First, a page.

Comparing different versions of familiar stories can be a great example of how many ways there are to see the world. The video above is a fascinating example: Winnie-the-Pooh (Винни-Пух, 1969) by Russian animator Fyodor Khitruk. From Open Culture:
Created between 1969 and 1972, Khitruk’s three films star a bear named “Vinni-Pukh” who looks nothing like the Winnie the Pooh that Westerners grew up with. (You can see the original illustrations of Pooh by E.H. Shepard here.) But viewers will certainly recognize the storyline and spirit of the original Pooh in the Soviet adaptations. For decades, these films have enchanted East European viewers, both young and old. And they still occasionally appear on Russian TV.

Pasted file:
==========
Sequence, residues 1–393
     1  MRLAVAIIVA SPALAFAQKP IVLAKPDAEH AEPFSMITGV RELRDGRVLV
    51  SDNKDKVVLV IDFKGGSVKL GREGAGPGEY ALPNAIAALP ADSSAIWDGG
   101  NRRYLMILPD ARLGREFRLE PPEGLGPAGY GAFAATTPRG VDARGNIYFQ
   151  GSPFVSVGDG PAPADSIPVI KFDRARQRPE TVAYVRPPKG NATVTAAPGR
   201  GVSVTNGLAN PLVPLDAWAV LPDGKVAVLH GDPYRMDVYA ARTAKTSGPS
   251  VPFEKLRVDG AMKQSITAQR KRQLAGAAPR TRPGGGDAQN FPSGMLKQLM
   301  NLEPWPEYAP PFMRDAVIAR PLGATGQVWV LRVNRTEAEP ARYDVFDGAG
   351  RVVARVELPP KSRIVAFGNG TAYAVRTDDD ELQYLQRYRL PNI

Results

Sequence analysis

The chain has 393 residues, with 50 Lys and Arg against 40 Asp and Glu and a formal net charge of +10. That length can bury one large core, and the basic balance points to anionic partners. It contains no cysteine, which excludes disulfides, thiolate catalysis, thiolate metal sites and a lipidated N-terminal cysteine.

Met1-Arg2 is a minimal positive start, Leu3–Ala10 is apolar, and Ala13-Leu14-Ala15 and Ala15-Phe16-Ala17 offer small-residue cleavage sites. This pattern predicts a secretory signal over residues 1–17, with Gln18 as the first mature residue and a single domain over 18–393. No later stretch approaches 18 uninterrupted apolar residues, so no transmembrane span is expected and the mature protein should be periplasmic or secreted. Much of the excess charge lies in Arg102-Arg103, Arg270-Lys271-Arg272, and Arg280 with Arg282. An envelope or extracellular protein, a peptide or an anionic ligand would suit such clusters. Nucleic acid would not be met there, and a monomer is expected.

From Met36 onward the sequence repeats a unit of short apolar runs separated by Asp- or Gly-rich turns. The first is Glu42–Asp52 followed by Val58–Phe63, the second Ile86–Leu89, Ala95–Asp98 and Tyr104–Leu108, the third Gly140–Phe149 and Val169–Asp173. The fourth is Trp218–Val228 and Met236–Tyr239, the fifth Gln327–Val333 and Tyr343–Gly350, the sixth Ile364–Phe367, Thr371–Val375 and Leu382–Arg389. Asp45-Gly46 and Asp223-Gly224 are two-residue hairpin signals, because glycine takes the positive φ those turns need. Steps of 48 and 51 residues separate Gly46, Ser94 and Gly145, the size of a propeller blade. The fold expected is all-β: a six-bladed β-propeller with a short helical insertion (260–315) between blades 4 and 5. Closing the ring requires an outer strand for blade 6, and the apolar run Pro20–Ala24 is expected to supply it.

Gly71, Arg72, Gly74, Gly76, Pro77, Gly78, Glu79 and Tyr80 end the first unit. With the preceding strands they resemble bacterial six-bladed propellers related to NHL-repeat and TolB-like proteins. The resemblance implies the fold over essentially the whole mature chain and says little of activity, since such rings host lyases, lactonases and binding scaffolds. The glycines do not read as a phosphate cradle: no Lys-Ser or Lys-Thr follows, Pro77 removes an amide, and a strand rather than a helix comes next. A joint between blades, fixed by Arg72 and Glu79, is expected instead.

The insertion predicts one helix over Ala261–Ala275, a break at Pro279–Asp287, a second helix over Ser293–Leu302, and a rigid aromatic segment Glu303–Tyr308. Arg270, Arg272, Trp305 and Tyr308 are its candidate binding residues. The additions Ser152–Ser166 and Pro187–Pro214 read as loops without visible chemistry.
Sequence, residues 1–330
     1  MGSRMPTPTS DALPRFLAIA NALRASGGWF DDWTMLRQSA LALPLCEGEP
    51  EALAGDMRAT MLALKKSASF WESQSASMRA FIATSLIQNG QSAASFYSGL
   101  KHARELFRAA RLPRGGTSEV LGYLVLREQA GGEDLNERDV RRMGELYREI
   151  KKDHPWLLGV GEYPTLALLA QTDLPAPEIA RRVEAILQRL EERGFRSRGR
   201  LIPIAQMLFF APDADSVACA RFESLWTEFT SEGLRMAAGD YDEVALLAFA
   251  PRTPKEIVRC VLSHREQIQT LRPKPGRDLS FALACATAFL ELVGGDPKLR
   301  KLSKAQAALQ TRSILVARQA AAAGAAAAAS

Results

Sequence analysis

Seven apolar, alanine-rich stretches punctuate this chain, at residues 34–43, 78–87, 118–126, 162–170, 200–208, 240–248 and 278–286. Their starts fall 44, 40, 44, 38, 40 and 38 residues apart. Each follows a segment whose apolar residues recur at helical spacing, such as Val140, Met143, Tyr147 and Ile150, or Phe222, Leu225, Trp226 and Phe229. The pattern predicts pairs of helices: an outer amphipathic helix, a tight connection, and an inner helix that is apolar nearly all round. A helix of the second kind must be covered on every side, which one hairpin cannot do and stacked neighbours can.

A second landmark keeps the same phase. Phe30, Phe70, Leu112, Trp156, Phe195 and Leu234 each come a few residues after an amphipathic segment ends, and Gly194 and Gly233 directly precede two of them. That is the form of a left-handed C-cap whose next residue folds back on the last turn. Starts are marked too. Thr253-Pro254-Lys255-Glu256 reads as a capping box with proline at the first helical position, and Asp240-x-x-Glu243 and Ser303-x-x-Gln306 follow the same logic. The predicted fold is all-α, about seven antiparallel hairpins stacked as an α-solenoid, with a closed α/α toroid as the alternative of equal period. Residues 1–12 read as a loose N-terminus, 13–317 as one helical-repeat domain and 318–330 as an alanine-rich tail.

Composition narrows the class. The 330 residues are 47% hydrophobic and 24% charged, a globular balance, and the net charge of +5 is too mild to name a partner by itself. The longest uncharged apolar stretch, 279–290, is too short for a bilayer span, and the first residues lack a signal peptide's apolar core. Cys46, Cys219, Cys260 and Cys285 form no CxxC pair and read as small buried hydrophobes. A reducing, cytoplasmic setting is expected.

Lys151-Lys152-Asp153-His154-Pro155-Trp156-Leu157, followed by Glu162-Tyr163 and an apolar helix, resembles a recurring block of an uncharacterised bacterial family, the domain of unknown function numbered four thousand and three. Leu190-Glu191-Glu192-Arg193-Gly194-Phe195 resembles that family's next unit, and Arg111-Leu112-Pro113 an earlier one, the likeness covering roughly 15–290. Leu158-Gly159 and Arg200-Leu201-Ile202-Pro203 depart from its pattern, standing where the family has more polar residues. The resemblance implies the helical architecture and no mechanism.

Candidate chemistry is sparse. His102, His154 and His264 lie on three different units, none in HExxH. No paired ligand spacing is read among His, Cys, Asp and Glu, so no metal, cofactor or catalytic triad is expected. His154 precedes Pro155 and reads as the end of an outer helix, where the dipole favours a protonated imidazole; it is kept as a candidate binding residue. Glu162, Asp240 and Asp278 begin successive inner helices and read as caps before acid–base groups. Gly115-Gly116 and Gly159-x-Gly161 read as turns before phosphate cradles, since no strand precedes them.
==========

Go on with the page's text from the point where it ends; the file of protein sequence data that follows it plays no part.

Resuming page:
It’s also fun to watch videos in another language. How much is communicated via context, patterns, intonations, and gestures? (You can also click the CC button at the bottom of the video for English subtitles.)
Watch Khitruk’s two other animations: Winnie-the-Pooh Goes on a Visit (Винни-Пух идет в гости, 1971) and Winnie-the-Pooh and the Day of Concern (Винни-Пух и день забот, 1972).
via Open Culture.